Case study: Some interesting stuff from the DLD Conference 2012

Founded in 2005 by the German media house Hubert Burda Media, the Digital – Life – Design conference DLD has been established as one of the major crossover conferences that span a wide range of topics. It is clearly inspired by the success of the TED conferences, although DLD is much more on the commercial side.

DLD has become a benchmark event brand with substantial PR impact – so let’s take a look at some of the particularities of the event that may be inspiring for other conference organizers!

The latest edition of the conference took place in Munich/Germany, 22-24 January.


You can’t just purchase tickets for the 3-day conference. On the website, you apply for a ticket, and when the organizers think you’re fit, you still have to pay 2.750 EUR plus VAT to get your badge. Quite a strict policy, but it contributes to the overall feeling of taking part in something really special.

Strategic Partners

Being a media house with lots of glossy publications and websites, Hubert Burda Media is obviously searching for new business models. This conference is one of them. It gives strategic partners like Audi, Microsoft, HP, Siemens, Lufthansa, Telefonica and Booz a presentation platform, and since the topics are quite broad, there is always a chance to give the CEOs of those strategic partners a speaker slot.

This may be a risky strategy from a curators standpoint, because buying yourself into the program of such a conference can backfire both on the sponsor and the organizers. There is a very thin line between a sales pitch and a useful contribution. Yet, when you combine various media outlets with a real-life event, you can create attractive packages for a strategic partner or sponsor.

Speakers / Curation

DLD is not a vertical event, it covers a whole range of topics. Let me refer back to what I said in my post about TEDx RheinMain: A good choice of speakers, with the “big names” as well as great performers on board, does the trick. I also recommend to read this interesting post by Gianfranco Chicco about how to find great speakers. One of the success factors of DLD is the date: Just before the World Economic Forum, they manage to intercept high profile speakers on their way to Davos.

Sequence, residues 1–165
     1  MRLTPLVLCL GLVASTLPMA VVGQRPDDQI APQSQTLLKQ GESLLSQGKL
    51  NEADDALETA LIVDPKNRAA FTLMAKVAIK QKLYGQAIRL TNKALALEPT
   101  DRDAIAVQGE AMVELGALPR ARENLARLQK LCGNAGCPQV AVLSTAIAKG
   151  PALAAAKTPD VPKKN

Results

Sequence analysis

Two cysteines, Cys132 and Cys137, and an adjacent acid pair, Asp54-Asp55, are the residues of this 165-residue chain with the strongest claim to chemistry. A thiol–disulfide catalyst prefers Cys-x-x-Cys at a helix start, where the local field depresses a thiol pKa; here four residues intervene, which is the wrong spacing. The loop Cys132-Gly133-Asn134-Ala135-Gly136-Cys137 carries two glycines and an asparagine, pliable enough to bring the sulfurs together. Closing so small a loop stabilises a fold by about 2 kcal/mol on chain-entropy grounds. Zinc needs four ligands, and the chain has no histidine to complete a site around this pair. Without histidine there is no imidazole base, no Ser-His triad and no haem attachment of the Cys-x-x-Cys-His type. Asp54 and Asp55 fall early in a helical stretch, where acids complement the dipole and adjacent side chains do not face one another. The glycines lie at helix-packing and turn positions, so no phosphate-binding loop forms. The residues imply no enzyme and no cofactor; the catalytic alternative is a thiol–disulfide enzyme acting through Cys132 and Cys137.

DLD goes public

This is really a good idea. When you have such high profile speakers attending your event, why don’t you use that leverage to take your event brand out and go public? DLD brought the founder of Skype to Munich university, and thus achieved a great branding effect with students – the audience of the future. This is something that associations and conference organizers should really consider doing, because it won’t cost you much, the speaker is already there and you can only benefit from it.

Video interviews

I strongly believe that conferences of relevance need to have a rich media strategy in place. DLD has a great Youtube channel with lots of interviews, trailers, they even did a live-streaming. TED does the same. Will that reduce the number of people wanting to attend your event in person? I do not think so. Broadcasting your event contributes to the relevance, to the “must attend” factor.

DLD Connect: Digital Directory

Such an event needs to offer a lot of attractive digital offerings, and Hubert Burda uses their own channels as well as partners to create digital event platforms. Ranging from

With so many offerings, it is important to let the audience know what is there and where to find it. Something as simple as the DLD Digital Directory helps to keep track.

Bottomline: DLD is a commercial event, unlike TED. It is about value generation for the partners and sponsors, and ultimately about business networking on a high level for the attendees. Hubert Burda Media have done a great job at establishing a prestigious event brand, and that makes this case study worth taking a closer look at.

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